The gaming industry has a significant impact on deep learning and self-driving cars. GPUs fueled the progress in deep learning, as they enabled training much larger neural networks on large datasets.
For about 20 years, GPUs were mostly used by gamers. Every year NVIDIA was pouring billions of dollars into R&D to make better and faster GPUs to support better gaming experience. In the early 2000s, they started considering scientific computing and machine learning acceleration, or, more generally, general purpose GPU computation (GPGPU). They released the first version of CUDA, a parallel computing platform, in 2007. CUDA made it much easier to program for GPUs, which led to more experimentation by researchers.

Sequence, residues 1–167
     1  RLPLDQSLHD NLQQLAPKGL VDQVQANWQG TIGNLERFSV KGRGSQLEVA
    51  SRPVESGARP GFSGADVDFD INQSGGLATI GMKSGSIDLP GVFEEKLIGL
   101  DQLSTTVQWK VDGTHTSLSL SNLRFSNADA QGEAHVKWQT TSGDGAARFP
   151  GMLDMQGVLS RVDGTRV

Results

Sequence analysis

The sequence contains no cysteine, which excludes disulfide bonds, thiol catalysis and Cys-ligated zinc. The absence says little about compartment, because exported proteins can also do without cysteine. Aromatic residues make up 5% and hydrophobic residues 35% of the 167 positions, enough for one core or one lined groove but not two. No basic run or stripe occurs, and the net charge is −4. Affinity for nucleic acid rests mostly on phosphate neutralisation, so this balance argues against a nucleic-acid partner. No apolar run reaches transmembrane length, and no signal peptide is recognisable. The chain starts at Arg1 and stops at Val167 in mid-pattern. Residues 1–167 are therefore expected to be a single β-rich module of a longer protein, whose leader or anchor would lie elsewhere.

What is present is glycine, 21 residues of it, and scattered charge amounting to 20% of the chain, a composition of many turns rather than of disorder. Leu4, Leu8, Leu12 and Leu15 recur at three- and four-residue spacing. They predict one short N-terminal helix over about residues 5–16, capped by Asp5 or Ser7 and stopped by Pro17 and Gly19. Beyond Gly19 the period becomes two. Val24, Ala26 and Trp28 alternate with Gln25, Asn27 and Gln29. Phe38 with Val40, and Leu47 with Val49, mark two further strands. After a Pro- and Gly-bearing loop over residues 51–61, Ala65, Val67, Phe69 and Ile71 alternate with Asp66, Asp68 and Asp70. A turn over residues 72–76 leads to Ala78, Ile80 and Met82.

In 2012, SuperVision group (Alex Krizhevsky, Geoffrey Hinton, and Ilya Sutskever) used CUDA to develop the AlexNet model that won the ImageNet Large Scale Visual Recognition Challenge. Perhaps, it was the event that brought the attention of machine learning community to the power of deep neural networks and GPU computation. Now NVIDIA dominates the market of hardware for training deep neural networks and is moving the space of hardware for inference. That’s interesting to think that gamers of 90′s and 2000′s paid for R&D of the deep learning hardware.